such a dirty. some of which had been captured by the British. accepted the invoice and confirmed that it was correct. They wanted two-thirds of the profits from this plan. Apparently. Arthur Lee’s charges against Deane in connection with this scandal have been identified as the source of political parties in America. the French did not expect the Americans to pay for these supplies. . Angered and embittered by these events. This was why the French resorted to Beaumarchais and the Farmers-General to funnel funds to the Americans. the American representative in Paris. the French government itself made several loans to the Continental Congress totaling several million livres. but Thomas Paine accused Deane of profiting from this affair. Criticism of Deane’s financial operations became factional. Benedict Arnold and John Livingston proposed a scheme in which goods would be hidden in New York until the British were driven out. . . lest such action precipitate a war with England. arms and ammunition were supplied to the company by France and Spain. In addition. There were other abuses. He was also denied compensation for his military related expenses and was even assessed charges for money spent in pursuit of the war because he did not have receipts. Later. Arnold was also charged with making improper profits from the war through private partnerships while he was in command in Philadelphia. but required that loan to be paid in tobacco. Arnold was accused of profiting from the purchase of a share in a prize claim of the sloop Active and using government wagons to haul private property. It is unclear whether Deane was dishonest or simply incompetent. The Continental Congress had sought loans directly from the French government.64 IN THE BEGINNING ized by 1 million livres from the French and Spanish governments. advanced another million. and he was appalled at the grasping demands of those he sought to recruit to fight the English. Among other things. but Silas Deane. but the Americans were actually charged enormous prices for the materials by Beaumarchais. He was not the only one to be frustrated by Continental finances. the Continental Congress borrowed livres tournois from the French and agreed to repay with tobacco. The French provided additional assistance by helping to arrange a loan from the Dutch. mercenary spirit pervades the whole that I should . . The FarmersGeneral of France. a group of private French merchants. France was initially reluctant to lend funds openly to the rebellious colonies. The invoice to the Americans was staggering. In 1777. such stock-jobbing and fertility in all the low arts to obtain advantages . Edward Bancroft was operating as a double agent for England and America from Paris and making large profits on the London stock market from information that he gained in that role. “Such a dearth of public spirit and want of virtue. at half its then current price. Arnold would become America’s most famous traitor. There were many merchants in America who mixed public business with private profits during the Revolutionary War. George Washington was nearly confounded by the inability to finance his army. .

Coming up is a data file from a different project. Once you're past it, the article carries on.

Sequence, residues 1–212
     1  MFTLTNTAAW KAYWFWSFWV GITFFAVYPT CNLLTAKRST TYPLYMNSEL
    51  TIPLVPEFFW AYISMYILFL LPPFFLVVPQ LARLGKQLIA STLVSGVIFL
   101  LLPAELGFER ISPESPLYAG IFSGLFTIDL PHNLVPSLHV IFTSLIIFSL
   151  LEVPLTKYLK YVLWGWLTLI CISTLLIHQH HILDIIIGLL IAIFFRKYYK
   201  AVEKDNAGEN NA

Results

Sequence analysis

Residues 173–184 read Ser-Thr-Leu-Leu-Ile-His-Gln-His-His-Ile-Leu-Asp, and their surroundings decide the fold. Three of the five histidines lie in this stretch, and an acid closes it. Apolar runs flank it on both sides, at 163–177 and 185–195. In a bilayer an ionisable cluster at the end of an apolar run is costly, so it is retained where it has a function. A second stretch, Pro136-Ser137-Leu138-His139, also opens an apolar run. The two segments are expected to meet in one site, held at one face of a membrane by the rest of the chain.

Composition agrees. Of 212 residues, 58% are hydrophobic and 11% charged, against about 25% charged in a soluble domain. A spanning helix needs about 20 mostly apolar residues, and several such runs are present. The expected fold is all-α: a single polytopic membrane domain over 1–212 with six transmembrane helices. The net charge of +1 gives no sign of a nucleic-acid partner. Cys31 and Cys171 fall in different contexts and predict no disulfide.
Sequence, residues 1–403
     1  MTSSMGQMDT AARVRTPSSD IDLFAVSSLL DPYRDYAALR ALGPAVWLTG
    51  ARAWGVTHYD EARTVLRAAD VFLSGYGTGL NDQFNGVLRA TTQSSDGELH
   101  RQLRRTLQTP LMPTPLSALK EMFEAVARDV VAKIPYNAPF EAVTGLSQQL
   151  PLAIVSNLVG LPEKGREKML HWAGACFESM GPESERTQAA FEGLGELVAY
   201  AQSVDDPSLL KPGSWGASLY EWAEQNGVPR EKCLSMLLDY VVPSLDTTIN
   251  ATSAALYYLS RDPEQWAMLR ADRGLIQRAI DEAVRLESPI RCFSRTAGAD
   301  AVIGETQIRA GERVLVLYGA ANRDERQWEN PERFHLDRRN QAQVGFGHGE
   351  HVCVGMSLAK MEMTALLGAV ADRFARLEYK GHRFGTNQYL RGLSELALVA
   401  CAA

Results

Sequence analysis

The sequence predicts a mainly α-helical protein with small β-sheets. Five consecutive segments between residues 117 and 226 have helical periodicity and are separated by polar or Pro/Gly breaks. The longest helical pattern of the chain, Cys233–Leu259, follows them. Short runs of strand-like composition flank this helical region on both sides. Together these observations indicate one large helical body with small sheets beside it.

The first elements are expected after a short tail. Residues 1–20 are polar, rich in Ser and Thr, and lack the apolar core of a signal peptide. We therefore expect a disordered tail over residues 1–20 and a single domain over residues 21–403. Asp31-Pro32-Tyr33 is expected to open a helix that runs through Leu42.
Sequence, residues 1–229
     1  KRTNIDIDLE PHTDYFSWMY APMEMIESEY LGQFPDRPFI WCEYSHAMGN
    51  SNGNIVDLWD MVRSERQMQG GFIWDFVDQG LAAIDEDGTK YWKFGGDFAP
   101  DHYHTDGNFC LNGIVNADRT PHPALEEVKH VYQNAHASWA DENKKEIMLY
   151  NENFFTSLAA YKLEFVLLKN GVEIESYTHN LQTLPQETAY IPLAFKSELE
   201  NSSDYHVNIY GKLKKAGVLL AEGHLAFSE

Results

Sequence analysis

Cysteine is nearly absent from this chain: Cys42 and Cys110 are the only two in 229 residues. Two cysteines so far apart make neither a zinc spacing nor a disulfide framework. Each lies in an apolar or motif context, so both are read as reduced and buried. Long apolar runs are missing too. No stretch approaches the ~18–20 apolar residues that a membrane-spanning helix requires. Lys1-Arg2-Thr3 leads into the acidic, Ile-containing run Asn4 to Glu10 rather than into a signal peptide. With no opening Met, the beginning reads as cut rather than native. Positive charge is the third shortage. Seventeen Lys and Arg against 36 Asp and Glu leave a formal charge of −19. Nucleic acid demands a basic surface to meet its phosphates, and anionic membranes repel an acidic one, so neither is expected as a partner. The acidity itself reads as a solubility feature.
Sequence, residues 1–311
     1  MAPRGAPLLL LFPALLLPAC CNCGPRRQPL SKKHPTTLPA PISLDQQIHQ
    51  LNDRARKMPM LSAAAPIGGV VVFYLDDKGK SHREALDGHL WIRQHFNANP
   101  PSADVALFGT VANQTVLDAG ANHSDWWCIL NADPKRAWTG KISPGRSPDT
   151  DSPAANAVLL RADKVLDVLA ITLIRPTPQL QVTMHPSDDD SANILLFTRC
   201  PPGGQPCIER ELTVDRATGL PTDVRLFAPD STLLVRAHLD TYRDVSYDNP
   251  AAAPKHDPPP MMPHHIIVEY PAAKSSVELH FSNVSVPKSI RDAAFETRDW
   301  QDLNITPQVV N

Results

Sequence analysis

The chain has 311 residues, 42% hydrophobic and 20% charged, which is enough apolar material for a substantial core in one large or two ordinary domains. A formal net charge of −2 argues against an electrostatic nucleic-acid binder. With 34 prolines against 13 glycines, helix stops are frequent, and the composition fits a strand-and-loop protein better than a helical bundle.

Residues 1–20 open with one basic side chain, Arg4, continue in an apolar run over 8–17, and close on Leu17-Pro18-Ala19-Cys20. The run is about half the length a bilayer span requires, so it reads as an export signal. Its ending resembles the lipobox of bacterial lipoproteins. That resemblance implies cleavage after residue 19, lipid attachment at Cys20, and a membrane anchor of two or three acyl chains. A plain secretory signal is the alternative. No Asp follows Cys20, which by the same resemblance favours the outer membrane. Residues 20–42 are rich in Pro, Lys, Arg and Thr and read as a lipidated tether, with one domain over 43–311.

Bills of credit issued by Pennsylvania were often counterfeited. Nothing. forestalling.”138 He suggested that such “murderers of our cause” should be “hung in gibbets. General Washington was eventually authorized to requisition provisions for his army and to arrest anyone who refused Continental money. This practice was not deterred by the severe punishments that were threatened. and an insatiable thirst for riches . Always practical. proceeding in a great measure from the foregoing causes. He saved specie to pay spies. the merchants of Philadelphia refused to sell grain or goods for Continental dollars in the expectation that the French would pay specie for the supplies needed for its army. .”137 Strong words. has fed the hopes of the enemy. . George Washington lamented that America was “without finances. I am convinced. Later. forestallers. peculation. its paper credit sunk and no expedients it can adopt capable of retrieving it. Washington’s agent for his plantation was forced to refuse paper currency for corn he was selling because there could be no certainty that bills made in payment would be genuine.”135 The usually unflappable Washington bemoaned the fact that “speculation. One issue printed by Benjamin Franklin warned “To Counterfeit is Death. peculation. because the merchants knew that the British paid for their military and other supplies in gold. The British sought further to undermine the Continental currency by printing counterfeit . engrossing. but do not depend on these people nor upon their means: they have neither money or credit.REVOLUTIONARY FINANCE 65 not be at all surprised at any disaster that may happen. Large quantities of these counterfeit bills appear to have come from Ireland. two members of Washington’s own guard were arrested for counterfeiting. At that time. Washington recognized that not everyone could be paid in paper money.”139 At one point.”140 There appears to have been some basis for Washington’s concerns. and money. but more would follow. Washington blamed inflation on “monopolizers.” Despite such warnings. . . but the depreciation of our currency. “Send us troops. Counterfeiting of government bills caused further declines in the value of the Continental dollar. aided by stock-jobbing and party dissensions. seem to have got the better of every other consideration and almost of every order of men. and engrossers.”141 The French commander reported to his own government. . with all concomitants. Merchants in Philadelphia refused to sell goods to the Continental Army when it appeared that the British would capture the city.”136 “Speculation. afford too many melancholy proofs of the decay of public virtue. ships.”142 Counterfeiting A mutiny among Continental soldiers was attributed to the distress caused by depreciated paper money and the lack of necessities. when the French entered the war. Washington thought that rumors of the arrival of the French fleet were being circulated “to answer the villainous purposes of speculating and stockjobbing.